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ETIAS Delayed to 2025

Europe as viewed at night from a satellite with city lights showing

Ana Galanzovski works as a manager for an international company based in Germany. Although she’s a remote worker living in Turkey, sometimes she must travel to Berlin for work meetings and team building. With her Ukrainian passport allowing her visa-free travel to the Schengen zone, it has been easy to make these trips. 

But in 2025, the European Travel Information and Authorization System (ETIAS) is scheduled to launch, and Galanzovski will need to go through the new preregistration process before she travels to the Schengen zone. 

“Of course, no one enjoys completing extra paperwork before a trip, but as long as this is kept simple and the system works correctly, I don’t see any further complications from this measure,” Galanzovski said. “I just wish this had some kind of possible benefit for the traveler. Otherwise, it’s just an extra step, which is not ideal now that we have the technology to make the border paperwork and visas smoother.”

Pre-Travel Registration Is Coming

ETIAS was originally scheduled to launch in 2022 but has been postponed multiple times. The most recent change pushes the launch from 2024 to 2025. ETIAS is similar to the Electronic System for Travel Authorization (ESTA) in the U.S.

“ETIAS is not a visa; it’s a pre-travel clearance, similar to the ones already existing in a lot of other countries,” said Lieselot Whitbeck, an attorney with Hunton Andrews Kurth in Miami. “It’s just a traveler screening tool.” It allows the countries of Europe to run some background checks on people planning on traveling to the countries participating in the ETIAS program.

“You’re still maintaining visa-free travel privileges, you just need to obtain this travel authorization,” said Scott Bettridge, an attorney with Cozen O’Connor in Miami. “ETIAS is the European visa waiver system, and it has an overall objective of improving global security and safety.” 

Eligible travelers will be able to apply for ETIAS online; the application will cost 7 euros. ETIAS will be linked to the traveler’s passport and will be valid for up to three years or until the expiration of the passport, whichever is sooner.

ETIAS doesn’t change the amount of time a traveler is allowed to stay in Europe; it is still 90 days allowed out of 180 days. Most applications will be processed in minutes, but some might take days, depending on the situation. If an ETIAS application is rejected, there will be an option to appeal, though the traveler might be required to apply for a visitor visa.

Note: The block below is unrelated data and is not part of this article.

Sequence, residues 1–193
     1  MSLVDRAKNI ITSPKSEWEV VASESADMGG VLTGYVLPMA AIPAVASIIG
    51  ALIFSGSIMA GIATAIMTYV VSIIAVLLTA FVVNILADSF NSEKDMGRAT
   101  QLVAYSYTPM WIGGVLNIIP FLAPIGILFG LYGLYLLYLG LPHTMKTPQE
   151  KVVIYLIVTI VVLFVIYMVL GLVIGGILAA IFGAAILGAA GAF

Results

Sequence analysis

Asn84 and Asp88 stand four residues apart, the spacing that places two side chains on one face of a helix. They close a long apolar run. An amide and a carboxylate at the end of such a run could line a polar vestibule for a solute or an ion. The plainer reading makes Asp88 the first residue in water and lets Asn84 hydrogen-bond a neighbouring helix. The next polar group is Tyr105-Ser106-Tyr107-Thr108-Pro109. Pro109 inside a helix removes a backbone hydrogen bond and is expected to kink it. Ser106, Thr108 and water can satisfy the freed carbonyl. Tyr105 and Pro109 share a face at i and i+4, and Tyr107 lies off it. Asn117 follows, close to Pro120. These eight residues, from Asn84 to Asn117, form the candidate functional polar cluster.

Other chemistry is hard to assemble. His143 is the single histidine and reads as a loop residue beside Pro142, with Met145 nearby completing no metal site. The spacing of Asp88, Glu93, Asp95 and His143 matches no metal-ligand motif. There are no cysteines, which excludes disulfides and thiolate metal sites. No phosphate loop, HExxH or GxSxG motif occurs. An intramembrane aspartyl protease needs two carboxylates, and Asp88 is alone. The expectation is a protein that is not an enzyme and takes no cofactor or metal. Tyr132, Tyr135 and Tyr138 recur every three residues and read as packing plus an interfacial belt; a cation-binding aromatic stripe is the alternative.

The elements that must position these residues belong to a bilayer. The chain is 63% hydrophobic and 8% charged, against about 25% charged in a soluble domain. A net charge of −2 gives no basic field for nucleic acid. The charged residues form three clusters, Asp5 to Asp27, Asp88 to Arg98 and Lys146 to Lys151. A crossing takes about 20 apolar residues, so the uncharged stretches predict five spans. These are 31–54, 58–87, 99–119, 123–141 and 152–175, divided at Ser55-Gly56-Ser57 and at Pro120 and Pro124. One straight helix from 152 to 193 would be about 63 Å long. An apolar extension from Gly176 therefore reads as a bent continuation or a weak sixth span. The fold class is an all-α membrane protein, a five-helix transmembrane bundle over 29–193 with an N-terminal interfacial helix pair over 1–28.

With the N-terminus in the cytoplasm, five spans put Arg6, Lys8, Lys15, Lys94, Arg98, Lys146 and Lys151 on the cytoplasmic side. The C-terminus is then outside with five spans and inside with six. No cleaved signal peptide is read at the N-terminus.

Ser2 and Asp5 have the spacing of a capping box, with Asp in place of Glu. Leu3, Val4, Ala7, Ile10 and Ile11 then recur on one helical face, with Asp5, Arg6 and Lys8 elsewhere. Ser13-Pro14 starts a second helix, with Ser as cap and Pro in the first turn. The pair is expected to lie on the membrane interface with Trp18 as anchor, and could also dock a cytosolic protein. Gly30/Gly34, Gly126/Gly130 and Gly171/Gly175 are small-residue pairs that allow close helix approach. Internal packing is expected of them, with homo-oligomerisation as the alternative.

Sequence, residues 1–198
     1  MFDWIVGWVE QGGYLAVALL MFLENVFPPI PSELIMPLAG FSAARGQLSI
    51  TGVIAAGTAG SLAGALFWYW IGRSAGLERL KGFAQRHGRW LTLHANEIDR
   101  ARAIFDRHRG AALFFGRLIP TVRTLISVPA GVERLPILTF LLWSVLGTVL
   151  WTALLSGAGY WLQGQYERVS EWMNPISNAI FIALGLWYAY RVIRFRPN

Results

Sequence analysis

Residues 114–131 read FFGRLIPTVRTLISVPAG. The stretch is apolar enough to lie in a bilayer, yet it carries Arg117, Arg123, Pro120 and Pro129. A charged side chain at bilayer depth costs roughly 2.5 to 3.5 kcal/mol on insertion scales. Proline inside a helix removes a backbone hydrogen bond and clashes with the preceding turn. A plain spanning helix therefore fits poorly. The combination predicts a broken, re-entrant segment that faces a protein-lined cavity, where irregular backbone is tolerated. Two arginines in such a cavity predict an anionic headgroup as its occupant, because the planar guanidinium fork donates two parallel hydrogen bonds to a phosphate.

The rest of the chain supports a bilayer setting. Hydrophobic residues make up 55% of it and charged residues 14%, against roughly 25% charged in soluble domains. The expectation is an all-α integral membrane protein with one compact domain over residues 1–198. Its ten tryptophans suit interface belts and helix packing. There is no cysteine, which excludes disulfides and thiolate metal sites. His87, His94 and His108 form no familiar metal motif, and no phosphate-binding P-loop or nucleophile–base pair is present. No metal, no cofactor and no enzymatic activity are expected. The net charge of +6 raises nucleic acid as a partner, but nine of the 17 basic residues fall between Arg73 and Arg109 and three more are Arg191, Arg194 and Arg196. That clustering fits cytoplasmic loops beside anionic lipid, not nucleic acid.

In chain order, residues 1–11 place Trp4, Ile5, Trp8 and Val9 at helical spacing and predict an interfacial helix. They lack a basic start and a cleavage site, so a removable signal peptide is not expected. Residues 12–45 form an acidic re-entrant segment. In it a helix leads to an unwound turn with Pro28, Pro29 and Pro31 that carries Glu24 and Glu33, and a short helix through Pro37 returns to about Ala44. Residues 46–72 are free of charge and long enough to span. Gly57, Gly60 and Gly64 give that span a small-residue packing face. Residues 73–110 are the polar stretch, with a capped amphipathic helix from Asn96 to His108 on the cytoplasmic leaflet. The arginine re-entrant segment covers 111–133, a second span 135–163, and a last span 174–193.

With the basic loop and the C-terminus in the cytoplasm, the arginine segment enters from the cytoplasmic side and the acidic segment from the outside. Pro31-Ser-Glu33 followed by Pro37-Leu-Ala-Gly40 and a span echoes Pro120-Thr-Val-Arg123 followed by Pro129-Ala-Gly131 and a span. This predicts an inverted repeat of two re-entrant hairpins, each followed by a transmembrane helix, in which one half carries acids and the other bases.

Delayed Again, to 2025

The delayed launch of ETIAS is due to a few different factors, the most significant of which are the technological challenges inherent in the endeavor, adherence to the EU General Data Protection Regulation and the 2024 Summer Olympics in Paris. 

“This is a massive technological challenge. This is a lot of data, this is a lot of countries sharing data and it’s just hard to do that. It’s hard to develop a website that won’t crash all the time,” Whitbeck said. “It’s hard to make sure that you are protecting the data you receive and using the data you receive in the ways that it’s intended.” 

The Olympics had the potential to amplify any glitches in the system, with a large number of international visitors and athletes visiting the EU for the event. Pushing off the launch until after the Olympics avoids the potential of a massive system meltdown when the EU is the focus of the world’s attention.

“When you roll out a platform of this scale affecting over a billion travelers, you have to make sure that all your t’s are crossed and your i’s are dotted. So that’s one issue is the technical challenges that have come across, including glitches of software and data integrity issues,” said David Adams, counsel at Cozen O’Connor in New York City. “If they would have rolled [ETIAS] out in early 2024, as they originally planned, that system would have been tested in ways that they would never have been able to plan for given the volume of travelers they’re expecting for the Olympics.”

ETIAS is also being launched in conjunction with the European Entry/Exit System (EES), which adds further technological challenges.

The EES “is probably the bigger technical challenge, whereas ETIAS is just a small piece of it. It’s dependent on the EES first being launched and working before they can do the easier—but still significant—technical challenge of launching ETIAS,” Whitbeck said.

What Companies Should Know

Companies should keep ETIAS in mind as one more thing to check or confirm for employees who might need to travel to Europe.

“Companies should know when their people are traveling when they’re going to Europe and should at least inform their people when ETIAS goes live that it is a requirement,” Whitbeck said. “It’s just part of managing your business traveler program, just another thing to add to the checklist.”

U.S. citizens are likely to get a transition and grace period once ETIAS is launched in 2025.

However, much can change before ETIAS is officially launched in 2025, Whitbeck said: “Like everything in immigration, this is all subject to change.”

Katie Nadworny is a freelance writer in Istanbul. 


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